Conference Paper

Perceived quality of speech degraded by wind noise: An assessment of sources of variability in a Web experiment

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... Participants' word scores for each condition were analyzed in an 8 (wind noise level) Â 3 (gustiness) repeated-measures ANOVA. Greenhouse-Geisser correction estimates were used where the assumption of sphericity had been violated for the effect of wind level Significant effects were observed for wind level (p < 0.001, partial g 2 ¼ 0.61) and for the interaction of wind level and gustiness (p < 0.001, partial g 2 ¼ 0. 19). ...
... The four questions asked about: The sound reproduction equipment; how noisy the place where the experiment was being carried out was; the participant's age, and whether the participant considered themselves to be an audio expert. While significant differences were observed for many of the categories of participant information 19 it is notable that effect sizes were small across the board (all effect sizes < 0.017, partial g 2 ), relative to the effect size of the experimental wind level variable across the group (partial g 2 ¼ 0.30). ...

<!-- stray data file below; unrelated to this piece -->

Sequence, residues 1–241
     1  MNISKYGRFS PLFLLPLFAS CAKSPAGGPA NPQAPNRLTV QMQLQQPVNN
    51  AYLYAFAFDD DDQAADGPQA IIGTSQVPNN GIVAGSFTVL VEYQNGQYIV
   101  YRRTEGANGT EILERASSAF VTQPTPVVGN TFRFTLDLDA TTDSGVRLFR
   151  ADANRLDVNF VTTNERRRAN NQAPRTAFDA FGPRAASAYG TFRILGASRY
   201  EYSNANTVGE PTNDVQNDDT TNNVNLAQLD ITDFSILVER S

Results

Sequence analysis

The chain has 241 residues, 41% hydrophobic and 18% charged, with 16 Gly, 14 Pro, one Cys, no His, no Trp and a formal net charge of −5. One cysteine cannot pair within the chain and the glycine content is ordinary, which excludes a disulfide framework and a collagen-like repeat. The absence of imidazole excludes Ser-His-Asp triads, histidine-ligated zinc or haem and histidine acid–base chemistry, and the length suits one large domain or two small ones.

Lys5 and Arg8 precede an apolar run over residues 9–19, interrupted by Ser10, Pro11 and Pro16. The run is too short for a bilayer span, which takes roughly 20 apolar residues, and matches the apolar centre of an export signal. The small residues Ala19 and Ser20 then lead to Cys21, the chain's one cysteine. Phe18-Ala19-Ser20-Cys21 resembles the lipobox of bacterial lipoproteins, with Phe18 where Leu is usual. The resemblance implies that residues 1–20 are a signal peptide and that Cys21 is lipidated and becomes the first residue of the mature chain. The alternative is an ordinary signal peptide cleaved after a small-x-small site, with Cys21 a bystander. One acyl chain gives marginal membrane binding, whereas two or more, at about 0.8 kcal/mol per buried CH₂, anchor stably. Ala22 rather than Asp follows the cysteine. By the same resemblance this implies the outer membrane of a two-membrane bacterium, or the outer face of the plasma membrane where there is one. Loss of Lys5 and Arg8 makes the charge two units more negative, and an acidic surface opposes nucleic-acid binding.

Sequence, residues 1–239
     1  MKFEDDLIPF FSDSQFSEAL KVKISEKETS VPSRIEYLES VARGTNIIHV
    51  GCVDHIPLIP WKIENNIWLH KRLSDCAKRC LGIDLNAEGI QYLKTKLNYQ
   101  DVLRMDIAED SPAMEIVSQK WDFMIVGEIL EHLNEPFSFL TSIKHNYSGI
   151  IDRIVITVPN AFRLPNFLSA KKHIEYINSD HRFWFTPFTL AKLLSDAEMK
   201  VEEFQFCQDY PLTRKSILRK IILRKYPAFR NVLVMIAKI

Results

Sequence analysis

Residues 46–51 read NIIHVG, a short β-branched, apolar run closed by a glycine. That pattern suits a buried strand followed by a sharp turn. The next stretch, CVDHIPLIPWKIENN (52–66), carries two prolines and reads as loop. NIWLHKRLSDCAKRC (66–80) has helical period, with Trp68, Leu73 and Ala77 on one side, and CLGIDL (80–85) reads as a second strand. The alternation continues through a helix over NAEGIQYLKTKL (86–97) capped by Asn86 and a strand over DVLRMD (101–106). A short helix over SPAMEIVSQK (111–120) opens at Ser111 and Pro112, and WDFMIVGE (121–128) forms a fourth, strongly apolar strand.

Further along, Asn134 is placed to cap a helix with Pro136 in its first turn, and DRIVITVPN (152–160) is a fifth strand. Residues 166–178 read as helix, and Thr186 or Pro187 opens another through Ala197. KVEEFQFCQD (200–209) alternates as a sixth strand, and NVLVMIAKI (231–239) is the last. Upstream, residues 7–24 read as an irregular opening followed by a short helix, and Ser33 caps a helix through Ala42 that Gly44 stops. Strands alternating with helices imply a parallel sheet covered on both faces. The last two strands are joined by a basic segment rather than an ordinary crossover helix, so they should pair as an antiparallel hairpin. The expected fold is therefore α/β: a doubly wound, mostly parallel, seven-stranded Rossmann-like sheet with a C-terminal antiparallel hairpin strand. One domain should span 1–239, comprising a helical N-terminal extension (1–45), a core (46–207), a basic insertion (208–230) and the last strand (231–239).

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Wind can induce noise on microphones, causing problems for users of hearing aids and for those making recordings outdoors. Perceptual tests in the laboratory and via the Internet were carried out to understand what features of wind noise are important to the perceived audio quality of speech recordings. The average A-weighted sound pressure level of the wind noise was found to dominate the perceived degradation of quality, while gustiness was mostly unimportant. Large degradations in quality were observed when the signal to noise ratio was lower than about 15 dB. A model to allow an estimation of wind noise level was developed using an ensemble of decision trees. The model was designed to work with a single microphone in the presence of a variety of foreground sounds. The model outputted four classes of wind noise: none, low, medium, and high. Wind free examples were accurately identified in 79% of cases. For the three classes with noise present, on average 93% of samples were correctly assigned. A second ensemble of decision trees was used to estimate the signal to noise ratio and thereby infer the perceived degradation caused by wind noise.
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